University of Edinburgh Journal
The University of Edinburgh Journal is published twice a year, in June and December, and sent to our members as part of their subscription to the University of Edinburgh Graduates' Association. The Association has also published supplements to the Journal in the form of the Roll of Honour 1939-1945 and the first issue of the University of Edinburgh Graduates' Association Calendar.
The Editor of the Journal, Mr Peter Freshwater, invites our members, alumni of the University, and those interested in the City of Edinburgh to contact us with articles, creative pieces, notes, reviews, or obituaries which they may wish to submit for consideration.
The last issue of the most recently completed volume of the University of Edinburgh Journal can be downloaded for free using the following link:
History of the Journal
The University of Edinburgh Journal has been published continuously since 1925. Until the establishment in the 1950s of the University Gazette, later to be replaced by the University Bulletin, the Journal shared with the University Calendar the distinction of being the record of the University. For many years the Journal was the only regular magazine for alumni published by the University. The volumes of the Journal form an important data bank of information on the history and current affairs of the University. Each issue included pages of the University news and notes. Lists of deceased alumni and members of staff, and brief obituaries of selected alumni as well as appreciations of notable University figures, have long been and are still a much-valued feature. The Journal provides the University's only published Roll of Honour for World War 2. It appeared in instalments between 1943 and 1949 and, unlike its predecessor for World War 1, has not been reissued in book form.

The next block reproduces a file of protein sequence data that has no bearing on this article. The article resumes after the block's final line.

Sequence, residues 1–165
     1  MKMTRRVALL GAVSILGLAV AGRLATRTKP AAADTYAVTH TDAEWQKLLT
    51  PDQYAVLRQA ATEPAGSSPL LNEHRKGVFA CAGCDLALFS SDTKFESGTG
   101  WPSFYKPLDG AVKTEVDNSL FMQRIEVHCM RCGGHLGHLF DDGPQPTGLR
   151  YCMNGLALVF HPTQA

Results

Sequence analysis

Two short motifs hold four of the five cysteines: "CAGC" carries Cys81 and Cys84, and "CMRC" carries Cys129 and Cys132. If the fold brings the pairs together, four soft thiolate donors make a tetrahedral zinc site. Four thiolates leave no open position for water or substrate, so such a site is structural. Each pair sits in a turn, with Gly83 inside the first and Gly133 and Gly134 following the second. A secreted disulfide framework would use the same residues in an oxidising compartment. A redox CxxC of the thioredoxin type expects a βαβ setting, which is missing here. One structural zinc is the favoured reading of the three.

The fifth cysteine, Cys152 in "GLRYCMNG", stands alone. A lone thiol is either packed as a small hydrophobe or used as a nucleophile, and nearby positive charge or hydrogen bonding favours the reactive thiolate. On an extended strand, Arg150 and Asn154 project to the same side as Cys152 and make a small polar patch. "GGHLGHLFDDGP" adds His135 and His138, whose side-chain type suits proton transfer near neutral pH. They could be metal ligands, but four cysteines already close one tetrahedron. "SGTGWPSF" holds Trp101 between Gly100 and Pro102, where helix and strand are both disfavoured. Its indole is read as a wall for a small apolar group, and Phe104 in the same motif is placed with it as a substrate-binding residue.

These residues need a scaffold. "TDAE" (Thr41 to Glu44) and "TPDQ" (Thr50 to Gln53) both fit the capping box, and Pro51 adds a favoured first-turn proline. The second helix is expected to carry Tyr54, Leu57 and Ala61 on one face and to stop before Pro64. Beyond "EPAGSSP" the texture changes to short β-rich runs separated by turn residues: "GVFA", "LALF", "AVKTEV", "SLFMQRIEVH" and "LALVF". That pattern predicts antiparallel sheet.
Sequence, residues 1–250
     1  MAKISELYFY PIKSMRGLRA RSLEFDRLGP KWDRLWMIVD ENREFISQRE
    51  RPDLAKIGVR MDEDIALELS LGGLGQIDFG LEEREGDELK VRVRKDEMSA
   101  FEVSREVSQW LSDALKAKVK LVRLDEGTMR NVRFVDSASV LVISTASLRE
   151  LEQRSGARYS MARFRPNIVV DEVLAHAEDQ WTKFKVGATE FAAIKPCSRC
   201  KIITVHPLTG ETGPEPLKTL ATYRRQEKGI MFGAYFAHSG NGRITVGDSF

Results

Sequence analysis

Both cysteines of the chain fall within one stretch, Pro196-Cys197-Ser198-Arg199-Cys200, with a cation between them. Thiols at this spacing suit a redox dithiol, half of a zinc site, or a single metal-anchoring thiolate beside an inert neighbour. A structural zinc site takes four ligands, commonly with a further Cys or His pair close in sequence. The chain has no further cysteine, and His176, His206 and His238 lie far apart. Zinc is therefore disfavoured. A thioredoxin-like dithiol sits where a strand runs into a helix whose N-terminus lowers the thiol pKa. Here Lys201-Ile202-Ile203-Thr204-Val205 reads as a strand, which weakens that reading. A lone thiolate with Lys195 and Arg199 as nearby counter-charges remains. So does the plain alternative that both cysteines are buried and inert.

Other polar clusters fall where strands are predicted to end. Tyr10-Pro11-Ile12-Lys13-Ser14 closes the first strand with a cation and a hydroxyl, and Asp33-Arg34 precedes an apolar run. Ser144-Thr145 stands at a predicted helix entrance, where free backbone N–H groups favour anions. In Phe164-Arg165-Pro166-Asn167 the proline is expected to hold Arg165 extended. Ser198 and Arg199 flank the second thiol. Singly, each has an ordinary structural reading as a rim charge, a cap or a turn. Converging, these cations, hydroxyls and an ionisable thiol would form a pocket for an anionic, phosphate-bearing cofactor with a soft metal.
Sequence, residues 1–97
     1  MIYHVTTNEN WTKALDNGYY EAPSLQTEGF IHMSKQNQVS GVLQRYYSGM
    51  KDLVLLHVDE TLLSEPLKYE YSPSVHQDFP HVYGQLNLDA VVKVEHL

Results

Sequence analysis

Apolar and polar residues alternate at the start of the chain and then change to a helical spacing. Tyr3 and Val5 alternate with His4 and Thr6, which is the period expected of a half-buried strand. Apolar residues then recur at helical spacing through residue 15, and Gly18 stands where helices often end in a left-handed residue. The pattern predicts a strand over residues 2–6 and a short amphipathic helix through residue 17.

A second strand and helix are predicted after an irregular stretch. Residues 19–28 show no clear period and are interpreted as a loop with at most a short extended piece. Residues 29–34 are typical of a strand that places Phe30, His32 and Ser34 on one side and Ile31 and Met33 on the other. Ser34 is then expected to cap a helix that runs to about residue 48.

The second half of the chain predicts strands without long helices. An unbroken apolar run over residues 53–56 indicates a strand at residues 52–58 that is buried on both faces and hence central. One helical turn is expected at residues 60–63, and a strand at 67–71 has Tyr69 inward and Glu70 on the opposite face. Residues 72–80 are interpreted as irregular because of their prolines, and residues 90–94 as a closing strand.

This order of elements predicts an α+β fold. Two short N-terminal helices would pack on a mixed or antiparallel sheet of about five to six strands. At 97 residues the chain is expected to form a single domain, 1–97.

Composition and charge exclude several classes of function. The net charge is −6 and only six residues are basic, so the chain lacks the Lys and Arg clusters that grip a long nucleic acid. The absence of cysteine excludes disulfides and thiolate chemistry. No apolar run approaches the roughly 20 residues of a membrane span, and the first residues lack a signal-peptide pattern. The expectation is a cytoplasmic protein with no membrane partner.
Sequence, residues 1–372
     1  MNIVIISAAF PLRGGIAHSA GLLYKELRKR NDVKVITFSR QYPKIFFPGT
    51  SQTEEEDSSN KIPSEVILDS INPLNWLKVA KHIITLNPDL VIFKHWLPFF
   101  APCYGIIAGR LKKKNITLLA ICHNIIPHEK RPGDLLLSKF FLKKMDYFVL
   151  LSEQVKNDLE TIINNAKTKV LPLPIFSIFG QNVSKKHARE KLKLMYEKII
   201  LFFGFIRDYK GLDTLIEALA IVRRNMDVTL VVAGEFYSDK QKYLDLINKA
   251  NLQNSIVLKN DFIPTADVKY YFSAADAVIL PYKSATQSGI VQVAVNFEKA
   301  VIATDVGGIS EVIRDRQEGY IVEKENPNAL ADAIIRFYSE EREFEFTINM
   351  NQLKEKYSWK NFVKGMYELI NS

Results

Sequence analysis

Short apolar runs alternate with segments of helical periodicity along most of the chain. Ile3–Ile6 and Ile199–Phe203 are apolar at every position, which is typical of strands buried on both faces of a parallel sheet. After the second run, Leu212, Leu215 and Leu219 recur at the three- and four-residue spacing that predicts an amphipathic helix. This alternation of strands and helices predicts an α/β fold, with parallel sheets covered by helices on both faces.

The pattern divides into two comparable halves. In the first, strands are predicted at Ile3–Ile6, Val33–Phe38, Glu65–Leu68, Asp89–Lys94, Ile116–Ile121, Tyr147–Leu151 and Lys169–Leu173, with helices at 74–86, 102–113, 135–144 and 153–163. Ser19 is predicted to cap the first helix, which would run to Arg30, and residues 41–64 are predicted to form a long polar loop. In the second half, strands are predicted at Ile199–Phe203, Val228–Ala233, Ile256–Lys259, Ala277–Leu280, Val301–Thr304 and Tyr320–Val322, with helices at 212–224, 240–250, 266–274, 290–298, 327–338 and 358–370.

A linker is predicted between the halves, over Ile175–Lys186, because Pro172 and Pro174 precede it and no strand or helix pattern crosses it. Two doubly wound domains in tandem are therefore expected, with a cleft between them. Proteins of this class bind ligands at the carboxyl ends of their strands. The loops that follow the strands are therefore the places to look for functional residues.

Early volumes included the texts of many inaugural lectures by professors who later achieved international recognition and reputation and of guest and public lectures by visiting personalities on topics of current public interest; many of these are now seen as important contributions to historiography and bibliography.
Professor David B Horn, for instance, reworked his ground-breaking articles in the Journal into his Short History of the University of Edinburgh (Edinburgh University Press, 1967); and the text of H F M Prescott's 1941 lecture on the Pilgrimage of Grace predated by over ten years her best-selling novel on the same subject, The Man on a Donkey. Currently, the Journal is devoted to shorter articles on a wide range of topics connected with the University and by or about Edinburgh alumni.